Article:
Gov. Terry McAuliffe on Granting Felons the Right to Vote: ‘Second Chances Matter’

prison inmates AP

Democratic Virginia Gov. Terry McAuliffe is defending his move to grant 206,000 felons the right to vote, serve on juries, and run for office, saying “second chances matter” for convicted violent criminals and he wants “you to feel good about yourself.”

McAuliffe’s move, called “unprecedented” by the Richmond Times-Dispatch, covers all violent felons, including murderers, rapists, kidnappers, and more.

Delegate Robert B. Bell (R-Albermarle) slammed McAuliffe, telling the Washington Post: “Murder victims don’t get to sit on juries but now the man that killed them will. A murder victim won’t get to vote, but the man who killed them will.”

“First of all, no one should be surprised I did this order,” McAuliffe responded on ABC News to host George Stephanopoulos. “It’s something that I campaigned on and I’ve been working for the restoration rights for the last two years as governor. I’ve already restored the rights of 18,000 individuals, more than the past seven governors combined. So the next natural step after meeting these folks and talking to them is everybody ought to have a second chance.”

McAuliffe demanded to know why anyone would “put walls up” against child abusers, arsonists, drug dealers and burglars who served time.

“Second chances matter,” he continued. “These folks — George, understand they have served their time. They have done their probation and parole. They’re back in society. They’re living in our communities. They have jobs. They’re paying taxes. Why don’t we possibly want them to vote? Why are we putting walls up?”

McAuliffe claimed his move was the latest step forward in a journey that began with freeing slaves during the Civil War. One estimate shows one in five black residents in Virginia has committed a felony and been convicted, and left-leaning critics have long complained that’s a source of racial injustice.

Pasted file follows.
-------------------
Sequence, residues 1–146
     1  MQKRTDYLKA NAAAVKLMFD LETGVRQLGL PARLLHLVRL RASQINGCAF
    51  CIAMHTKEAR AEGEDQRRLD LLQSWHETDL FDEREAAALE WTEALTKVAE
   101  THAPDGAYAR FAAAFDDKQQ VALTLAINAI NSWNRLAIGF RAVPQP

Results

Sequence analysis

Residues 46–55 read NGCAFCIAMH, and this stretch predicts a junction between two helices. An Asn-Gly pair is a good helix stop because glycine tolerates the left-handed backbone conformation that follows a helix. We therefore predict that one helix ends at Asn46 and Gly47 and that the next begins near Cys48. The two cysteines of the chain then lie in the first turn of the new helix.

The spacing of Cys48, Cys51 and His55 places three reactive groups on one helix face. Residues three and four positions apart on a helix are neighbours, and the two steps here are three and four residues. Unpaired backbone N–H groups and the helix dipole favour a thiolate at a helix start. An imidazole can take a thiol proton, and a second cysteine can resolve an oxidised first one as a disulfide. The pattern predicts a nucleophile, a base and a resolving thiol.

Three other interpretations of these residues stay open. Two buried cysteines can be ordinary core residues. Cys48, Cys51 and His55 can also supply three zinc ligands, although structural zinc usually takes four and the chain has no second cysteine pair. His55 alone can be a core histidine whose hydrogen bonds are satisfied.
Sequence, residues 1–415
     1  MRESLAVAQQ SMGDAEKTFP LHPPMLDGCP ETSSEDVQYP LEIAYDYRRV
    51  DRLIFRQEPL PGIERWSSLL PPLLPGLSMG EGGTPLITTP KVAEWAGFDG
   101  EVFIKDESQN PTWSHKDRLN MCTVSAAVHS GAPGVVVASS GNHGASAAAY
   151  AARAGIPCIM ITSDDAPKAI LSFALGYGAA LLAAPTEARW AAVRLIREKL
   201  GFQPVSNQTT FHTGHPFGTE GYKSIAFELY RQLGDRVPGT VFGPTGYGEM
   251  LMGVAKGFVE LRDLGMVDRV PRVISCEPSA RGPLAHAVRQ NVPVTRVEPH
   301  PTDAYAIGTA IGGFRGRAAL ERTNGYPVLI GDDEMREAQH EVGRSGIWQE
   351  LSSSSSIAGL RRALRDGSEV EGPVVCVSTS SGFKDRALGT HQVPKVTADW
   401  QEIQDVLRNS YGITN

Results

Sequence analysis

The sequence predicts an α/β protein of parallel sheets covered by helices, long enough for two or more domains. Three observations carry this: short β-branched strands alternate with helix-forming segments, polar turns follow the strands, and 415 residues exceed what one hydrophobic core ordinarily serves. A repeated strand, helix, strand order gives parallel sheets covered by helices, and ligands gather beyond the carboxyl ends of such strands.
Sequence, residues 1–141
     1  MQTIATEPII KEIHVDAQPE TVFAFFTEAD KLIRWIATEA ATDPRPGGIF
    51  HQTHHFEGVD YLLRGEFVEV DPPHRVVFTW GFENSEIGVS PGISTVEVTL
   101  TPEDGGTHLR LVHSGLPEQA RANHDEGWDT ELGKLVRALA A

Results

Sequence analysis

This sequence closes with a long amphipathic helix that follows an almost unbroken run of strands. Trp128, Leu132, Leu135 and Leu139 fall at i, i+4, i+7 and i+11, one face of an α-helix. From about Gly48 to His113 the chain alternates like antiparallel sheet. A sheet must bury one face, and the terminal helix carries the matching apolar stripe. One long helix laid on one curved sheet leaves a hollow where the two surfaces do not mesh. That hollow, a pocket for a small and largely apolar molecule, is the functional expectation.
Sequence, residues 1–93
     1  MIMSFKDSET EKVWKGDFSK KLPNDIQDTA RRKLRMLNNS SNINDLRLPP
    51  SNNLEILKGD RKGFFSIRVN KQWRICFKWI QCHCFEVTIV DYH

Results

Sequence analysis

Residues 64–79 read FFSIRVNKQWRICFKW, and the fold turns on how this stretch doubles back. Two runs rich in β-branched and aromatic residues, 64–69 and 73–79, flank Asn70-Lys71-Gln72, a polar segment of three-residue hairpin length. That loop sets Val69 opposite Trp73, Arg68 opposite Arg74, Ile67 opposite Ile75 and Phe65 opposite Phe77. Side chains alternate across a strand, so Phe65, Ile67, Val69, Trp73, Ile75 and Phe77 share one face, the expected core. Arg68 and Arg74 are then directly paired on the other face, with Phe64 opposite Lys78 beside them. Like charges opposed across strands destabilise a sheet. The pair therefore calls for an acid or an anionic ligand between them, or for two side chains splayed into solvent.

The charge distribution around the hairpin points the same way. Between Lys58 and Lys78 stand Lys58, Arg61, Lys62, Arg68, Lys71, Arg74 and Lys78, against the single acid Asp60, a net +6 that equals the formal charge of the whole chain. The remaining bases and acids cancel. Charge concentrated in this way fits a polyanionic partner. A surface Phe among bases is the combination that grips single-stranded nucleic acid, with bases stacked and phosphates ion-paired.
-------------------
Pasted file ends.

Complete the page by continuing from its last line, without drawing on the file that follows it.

“Once you have paid your debt to society, and that debt was determined by a judge and a jury, once you have finished that, why would you want a lifetime ban? That’s why I stood in front of our capitol and erased a 115 years — we have had some very horrible disenfranchisement of voters in Virginia,” he said. “I stood right in front of that capitol where we had a poll tax, literacy test, disenfranchisement of voters. I stood not 20 yards from where Abraham Lincoln met the freed slaves 151 years ago in April.”

“It was the right thing to do legally, and most importantly George, it wasn’t politics. It was the right thing to do morally,” he added.

McAuliffe told Republicans opposed to his move to “quit complaining” and work to win the criminal vote whose bloc he dramatically expanded.

“Quit complaining and go out and earn these folks the right to vote for you,” he said. “Go out and talk to them.”

“I think some of the language that’s come out of the Republicans — I would tell them to be very careful of how they frame this. Very careful of their rhetoric. They have an opportunity to go out and get these individual new voters to vote for them. But make your argument.”

“I told folks when I ran for governor, I will be a brick wall to protect your rights for women. I will protect the rights of LGBT members, and I’ll do everything I can to get disenfranchised voters enfranchised,” he said.

“It’s exactly what I talked about. Our economy is booming. I just announced a four percent unemployment, biggest budget surplus in Virginia history. We put $1 billion in education. It works when you welcome people back into society and make them feel good about themselves.”

“I’m not giving you your guns rights back. I’m not reducing your sentence. I’m merely saying after you have served your time, and your probation and parole are all over as determined by a judge and jury, I want you to feel good about yourself. I want you voting.”



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